Engaging Families in Their Children's Education with Improved Access to Information. Christie's agenda would create greater accountability in schools by empowering parents with access to data, including student achievement in the classroom and teacher evaluations via the NJ SMART data system.

Improving Outreach and Communications Efforts to Parents and Families. Christie's agenda would increase parental involvement through greater outreach and communications efforts, including parent-focused tools such as a help-desk, website, mailings and forums. These tools would be used to educate parents about their rights, responsibilities, opportunities, options and school performance.

Pointing out that New Jersey businesses rely on public schools to provide educated employees, New Jersey Business & Industry Association President Philip Kirschner praised Christie's proposals.

"New Jersey businesses consistently report that they struggle to find workers with sufficient skills, particularly among entry-level workers,'' Kirschner said. "In NJBIA's 2006 Business Outlook Survey, only one-third of employers said they view New Jersey's high school graduates as good or excellent. Fewer than one-third reported that the verbal communication, math and science, critical thinking skills and written communication skills of their entry-level workers were good or excellent.

"Governor Christie is right to focus the issue of education on results, performance and accountability, " Kirschner said. "The ability of our public schools to prepare students to succeed in the workforce has real economic consequences for business and directly impacts New Jersey's business climate. Make no mistake, the issue of education directly impacts the quality of our workforce and the overall economy."

Assembly Republican Leader Alex DeCroce (R-Morris) said Christie's plan lays the foundation for fixing a system that that the legislator sees has tolerated unacceptable performance and substandard results.

"Governor Christie's plan recognizes there is a drastic need for impovement in New Jersey's educational system,'' DeCroce said. '"We must acknowledge that longevity should not be the sole factor in determining a salary increase and that performance counts. Our goal is to motivate both teachers and students to perform at a high level. Rewarding teachers who are innovative, who challenge their pupils to maximize their potential and achieve results is not unfair, it is a necessity.''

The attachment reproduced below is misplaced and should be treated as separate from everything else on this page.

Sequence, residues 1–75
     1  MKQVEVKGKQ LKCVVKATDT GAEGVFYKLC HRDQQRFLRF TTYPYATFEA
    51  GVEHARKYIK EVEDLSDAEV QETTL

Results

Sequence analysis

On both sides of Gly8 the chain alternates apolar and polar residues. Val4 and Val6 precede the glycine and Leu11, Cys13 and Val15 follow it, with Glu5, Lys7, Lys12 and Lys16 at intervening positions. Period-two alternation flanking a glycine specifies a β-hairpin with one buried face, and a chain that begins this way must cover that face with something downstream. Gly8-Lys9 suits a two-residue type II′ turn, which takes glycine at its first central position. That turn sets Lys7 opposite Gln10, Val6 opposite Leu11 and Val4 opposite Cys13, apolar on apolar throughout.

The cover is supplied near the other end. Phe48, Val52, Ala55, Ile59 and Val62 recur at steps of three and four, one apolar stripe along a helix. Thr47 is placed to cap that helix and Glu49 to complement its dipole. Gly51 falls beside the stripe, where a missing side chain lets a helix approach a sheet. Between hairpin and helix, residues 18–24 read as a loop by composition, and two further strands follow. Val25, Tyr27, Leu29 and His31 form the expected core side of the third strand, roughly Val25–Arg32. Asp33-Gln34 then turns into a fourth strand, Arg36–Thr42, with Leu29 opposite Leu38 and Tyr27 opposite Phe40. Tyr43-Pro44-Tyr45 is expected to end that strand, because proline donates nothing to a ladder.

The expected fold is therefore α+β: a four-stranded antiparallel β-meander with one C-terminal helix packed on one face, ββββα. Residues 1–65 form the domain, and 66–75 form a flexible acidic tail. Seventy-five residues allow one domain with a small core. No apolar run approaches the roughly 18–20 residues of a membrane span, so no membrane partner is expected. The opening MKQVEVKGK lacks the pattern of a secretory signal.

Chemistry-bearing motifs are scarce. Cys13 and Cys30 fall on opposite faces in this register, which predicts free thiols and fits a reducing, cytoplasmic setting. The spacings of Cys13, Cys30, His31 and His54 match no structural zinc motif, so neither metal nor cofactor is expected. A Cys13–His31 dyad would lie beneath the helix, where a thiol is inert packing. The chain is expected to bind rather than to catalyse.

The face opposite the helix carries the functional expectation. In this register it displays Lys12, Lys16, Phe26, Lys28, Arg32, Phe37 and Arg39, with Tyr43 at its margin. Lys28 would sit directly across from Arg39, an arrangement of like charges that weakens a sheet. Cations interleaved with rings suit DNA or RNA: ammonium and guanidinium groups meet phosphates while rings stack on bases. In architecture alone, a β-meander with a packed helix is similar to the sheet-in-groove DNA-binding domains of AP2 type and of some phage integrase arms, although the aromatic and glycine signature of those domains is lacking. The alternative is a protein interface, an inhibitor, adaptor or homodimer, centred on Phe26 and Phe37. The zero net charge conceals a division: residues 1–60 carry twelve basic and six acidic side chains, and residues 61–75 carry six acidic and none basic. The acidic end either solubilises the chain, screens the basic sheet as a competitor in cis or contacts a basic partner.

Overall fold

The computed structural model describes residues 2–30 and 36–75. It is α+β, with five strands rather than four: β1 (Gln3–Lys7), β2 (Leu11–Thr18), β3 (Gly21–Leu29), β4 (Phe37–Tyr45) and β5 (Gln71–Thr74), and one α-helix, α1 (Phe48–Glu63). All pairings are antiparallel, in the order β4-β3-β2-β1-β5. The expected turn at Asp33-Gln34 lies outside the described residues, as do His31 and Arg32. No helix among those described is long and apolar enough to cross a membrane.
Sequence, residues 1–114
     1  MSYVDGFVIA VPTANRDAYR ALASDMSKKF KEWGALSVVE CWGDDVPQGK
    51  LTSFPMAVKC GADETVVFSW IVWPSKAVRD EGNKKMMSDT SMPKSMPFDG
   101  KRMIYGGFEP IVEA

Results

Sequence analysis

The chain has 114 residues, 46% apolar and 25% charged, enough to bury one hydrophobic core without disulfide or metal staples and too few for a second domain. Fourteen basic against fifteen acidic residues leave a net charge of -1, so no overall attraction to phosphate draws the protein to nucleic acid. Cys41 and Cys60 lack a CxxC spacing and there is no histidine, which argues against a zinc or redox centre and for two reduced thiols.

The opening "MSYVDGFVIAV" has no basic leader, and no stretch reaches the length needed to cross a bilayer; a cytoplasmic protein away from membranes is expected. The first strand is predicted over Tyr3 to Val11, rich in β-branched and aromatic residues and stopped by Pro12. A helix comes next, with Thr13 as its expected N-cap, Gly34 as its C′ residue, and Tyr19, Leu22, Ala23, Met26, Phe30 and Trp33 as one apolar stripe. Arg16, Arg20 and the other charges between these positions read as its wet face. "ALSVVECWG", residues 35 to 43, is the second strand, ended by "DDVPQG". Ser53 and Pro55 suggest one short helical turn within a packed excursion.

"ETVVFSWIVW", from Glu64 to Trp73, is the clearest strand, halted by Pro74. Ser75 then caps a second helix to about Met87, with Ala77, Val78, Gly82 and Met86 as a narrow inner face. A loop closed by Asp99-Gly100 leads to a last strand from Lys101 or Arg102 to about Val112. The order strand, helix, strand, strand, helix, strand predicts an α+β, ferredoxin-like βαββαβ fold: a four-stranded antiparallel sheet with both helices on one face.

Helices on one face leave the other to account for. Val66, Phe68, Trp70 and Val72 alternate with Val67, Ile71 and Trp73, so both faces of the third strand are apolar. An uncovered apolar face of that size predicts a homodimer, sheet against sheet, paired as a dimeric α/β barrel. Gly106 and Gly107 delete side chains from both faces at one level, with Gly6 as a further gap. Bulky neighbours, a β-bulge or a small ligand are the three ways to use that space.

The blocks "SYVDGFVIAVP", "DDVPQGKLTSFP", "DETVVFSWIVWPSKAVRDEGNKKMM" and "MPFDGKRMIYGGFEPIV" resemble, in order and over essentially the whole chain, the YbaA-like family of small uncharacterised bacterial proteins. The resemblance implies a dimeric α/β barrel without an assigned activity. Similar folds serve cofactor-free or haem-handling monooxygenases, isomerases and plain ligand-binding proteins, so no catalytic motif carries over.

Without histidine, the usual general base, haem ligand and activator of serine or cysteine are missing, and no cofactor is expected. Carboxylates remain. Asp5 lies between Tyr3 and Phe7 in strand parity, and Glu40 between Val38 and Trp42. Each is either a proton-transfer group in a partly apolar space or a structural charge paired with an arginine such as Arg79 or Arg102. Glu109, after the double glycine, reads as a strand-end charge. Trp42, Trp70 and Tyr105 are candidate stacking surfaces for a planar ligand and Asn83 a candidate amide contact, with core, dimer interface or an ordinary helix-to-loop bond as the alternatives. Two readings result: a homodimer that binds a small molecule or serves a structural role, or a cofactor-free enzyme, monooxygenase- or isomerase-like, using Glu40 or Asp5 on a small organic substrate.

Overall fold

Comments (3)
3 Monday, 04 October 2010 11:19
Bill Chase
"As a proud product of New Jersey's public schools, I want nothing more than to see our public education system give our children the quality education they deserve,"

HUH? Didn't Christie go to private school?

IF this is true than why does he promote charter and private schools? How do private/charter schools help public schools?

All they do is take the best and brightest away from public schools and that makes the public schools even worse. Then he blames the teachers? This has already been happening in my district. We lose our best to a charter/magnet school that the public school still has to pay for. Those who are left are the lower functioning and behavior problem students (the ones a private school would kick out but we can't) Of course our schools will continue to fail. Our public schools will continue to fail and score even lower if you take all the higher achieving students out of them. Seems pretty obvious but Christie doesnt get it.

Parents should be more involved, but not to make teachers accountable. Parents need to be held more accountable and once again become part of their childs life and education. THAT IS THE KEY and CHRISTIE HAS NO CLUE. NOR DOES HE HAVE THE GUTS TO SAY THAT BECAUSE IT WONT GET HIM REELECTED. Much easier to blame all the teachers.. What a guy.
2 Wednesday, 29 September 2010 12:55
Fed Up
Teachers are not the sole problem with the education system in NJ (or in the US) but thanks to the attitude and actions of the NJEA they are becoming a bigger and bigger target. Reforms are necessary as taxpayers should not keep throwing more and more money into a system that continues not to show improvement.
1 Wednesday, 29 September 2010 11:22
john gurrier
Again Ms. Keshishian is attacking governer Christie for "tampering with an excellent public school system". Is she for real? Where has she been for the last 15 years? Her arrogance and incompetence are unmeasurable